MONTREAL — Dr. Victor Goldbloom is being recognized by the Vatican for his lifelong leadership in promoting Catholic-Jewish relations.
Goldbloom, a pioneer in interfaith dialogue locally, nationally and internationally, will receive the Pontifical Equestrian Order of St. Sylvester Pope and Martyr, to be bestowed by Pope Benedict XVI.
Established in 1905, it’s one of five Orders of Knighthood awarded directly by the pope as head of the Catholic Church and as head of the State of Vatican City.
Goldbloom is among a minority of non-Catholics and small number of Jews worldwide to be so honoured, and he joins the ranks of such noteworthy and diverse members as German industrialist Oskar Schindler, credited with saving more than 1,000 Jews during the Holocaust; entertainer Bob Hope; Prince Sadruddin Aga Khan, and Archduke Otto von Habsburg, crown prince of Austria and Hungary.
Goldbloom, 88, was recommended by the Canadian Centre for Ecumenism, an independent Montreal-based organization encouraging inter-church and interfaith dialogue.
“This is an extremely rare honour, normally reserved for ambassadors,” said the centre’s executive director, Anthony Mansour.
“As far as I know, Dr. Goldbloom is the first Jewish Canadian to receive the honour, and among a handful of Canadians of any faith. He is the first non-Christian in the history of the Archdiocese of Montreal and Quebec to have the papal honour conferred upon him.”
The recommendation was approved by the new Catholic Archbishop of Montreal Christian Lépine and officially announced at a reception held at his residence May 10. Also present were Cardinal Jean-Claude Turcotte and Auxiliary Bishop Thomas Dowd.
Announced concurrently was the awarding to Father Irénée Beaubien, 96, the centre’s founder in 1963, of the Pontifical Medal Pro Ecclesia et Pontifice.
Father Beaubien and Goldbloom, a board member of the centre, are pioneers in combating misunderstanding between Catholics, especially francophones, and Jews in Quebec. They will formally be decorated Sept. 4 at a gala dinner at Federation CJA’s Gelber Conference Centre, which will benefit the centre.
The choice of award, Bishop Dowd noted, was recommended by the Vatican.
“It is appropriate, because what is an ambassador? It is someone who knows where he is from and is faithful to it, but is open to dialogue with another community.”
Goldbloom said his interfaith work began more than 50 years ago, when he was “an ordinary practising pediatrician with no experience in inter-religious relations” and came into contact with the Jesuit fathers who were then the faculty of what was Loyola College.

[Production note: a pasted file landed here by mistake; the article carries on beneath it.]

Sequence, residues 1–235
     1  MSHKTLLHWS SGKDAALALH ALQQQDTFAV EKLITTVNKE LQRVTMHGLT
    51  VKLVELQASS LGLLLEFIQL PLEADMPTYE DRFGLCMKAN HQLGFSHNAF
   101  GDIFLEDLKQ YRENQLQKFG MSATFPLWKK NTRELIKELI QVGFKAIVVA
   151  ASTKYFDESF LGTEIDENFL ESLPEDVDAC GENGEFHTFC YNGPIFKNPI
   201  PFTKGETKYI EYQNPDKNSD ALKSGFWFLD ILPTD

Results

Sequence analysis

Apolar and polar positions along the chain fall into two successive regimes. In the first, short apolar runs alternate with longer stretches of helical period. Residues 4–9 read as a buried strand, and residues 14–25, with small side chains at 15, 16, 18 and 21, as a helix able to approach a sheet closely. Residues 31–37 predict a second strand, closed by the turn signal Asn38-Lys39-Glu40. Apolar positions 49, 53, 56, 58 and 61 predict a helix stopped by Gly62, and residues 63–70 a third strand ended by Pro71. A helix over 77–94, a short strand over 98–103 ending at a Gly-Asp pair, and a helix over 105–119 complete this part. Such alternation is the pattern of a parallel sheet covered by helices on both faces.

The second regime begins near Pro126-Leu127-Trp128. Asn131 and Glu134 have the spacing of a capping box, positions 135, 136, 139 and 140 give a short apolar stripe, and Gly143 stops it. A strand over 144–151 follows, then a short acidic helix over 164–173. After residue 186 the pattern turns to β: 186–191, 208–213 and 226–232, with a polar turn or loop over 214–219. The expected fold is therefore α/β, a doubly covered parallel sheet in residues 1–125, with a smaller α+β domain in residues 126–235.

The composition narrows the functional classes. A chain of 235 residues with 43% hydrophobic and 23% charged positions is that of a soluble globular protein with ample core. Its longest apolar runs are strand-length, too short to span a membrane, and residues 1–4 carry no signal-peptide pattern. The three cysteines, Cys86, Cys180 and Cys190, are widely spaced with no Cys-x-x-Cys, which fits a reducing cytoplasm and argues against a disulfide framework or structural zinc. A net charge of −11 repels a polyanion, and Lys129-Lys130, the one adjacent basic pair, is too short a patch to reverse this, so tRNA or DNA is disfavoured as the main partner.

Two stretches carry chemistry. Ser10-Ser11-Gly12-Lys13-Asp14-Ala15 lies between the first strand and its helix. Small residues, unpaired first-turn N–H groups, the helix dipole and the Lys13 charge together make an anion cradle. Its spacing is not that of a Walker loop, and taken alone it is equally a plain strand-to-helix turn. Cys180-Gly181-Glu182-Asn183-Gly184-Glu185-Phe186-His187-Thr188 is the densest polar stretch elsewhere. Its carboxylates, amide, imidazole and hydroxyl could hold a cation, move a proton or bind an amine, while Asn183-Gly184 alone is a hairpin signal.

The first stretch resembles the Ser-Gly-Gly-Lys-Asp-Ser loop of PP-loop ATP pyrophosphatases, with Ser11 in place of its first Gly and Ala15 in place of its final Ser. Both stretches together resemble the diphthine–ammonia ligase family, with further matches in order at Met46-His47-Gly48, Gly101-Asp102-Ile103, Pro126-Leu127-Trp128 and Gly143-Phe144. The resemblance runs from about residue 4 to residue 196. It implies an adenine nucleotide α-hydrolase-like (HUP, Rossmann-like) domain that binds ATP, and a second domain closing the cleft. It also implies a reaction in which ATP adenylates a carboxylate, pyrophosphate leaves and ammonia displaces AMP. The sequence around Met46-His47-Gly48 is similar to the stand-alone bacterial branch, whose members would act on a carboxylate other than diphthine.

“It challenged me to know my own religion better and to talk about it with those who did not know it,” he recalled.
Early on, Goldbloom advocated that the Jewish community must dialogue with the majority in Quebec, and must be able to do so in French. Among the many friendships he made, one Goldbloom cherishes is with Cardinal Turcotte, who retired as archbishop in March.
Goldbloom remembered the archbishop’s participation in a Yom Kippur service at Temple Emanu-El-Beth Sholom some years ago.
Turcotte sat between Goldbloom and Rabbi Leigh Lerner. As is customary, they placed a tallit over the shoulders of their guest as an amicable gesture.
“That was one of the most moving moments of my life,” Goldbloom said.
Venerable David Oliver, the Anglican chair of the centre’s board, noted the historical significance of a Christian and a Jew being honoured at the same Sept. 4 event. It marks the 50th anniversary of the Second Vatican Council, which radically transformed the Catholic Church’s relationship with other faiths.
“Leading up to the Council, it was men like Father Beaubien and Dr. Goldbloom, often working against opposition from within their own religious communities, who paved the way,” Oliver said.
“They are two Quebecers, two Canadians, two men of faith who helped shape the open and tolerant society we enjoy today. Every generation that follows owes them a debt of gratitude for their courage, perseverance and unwavering commitment to dialogue as the path to peace and reconciliation.”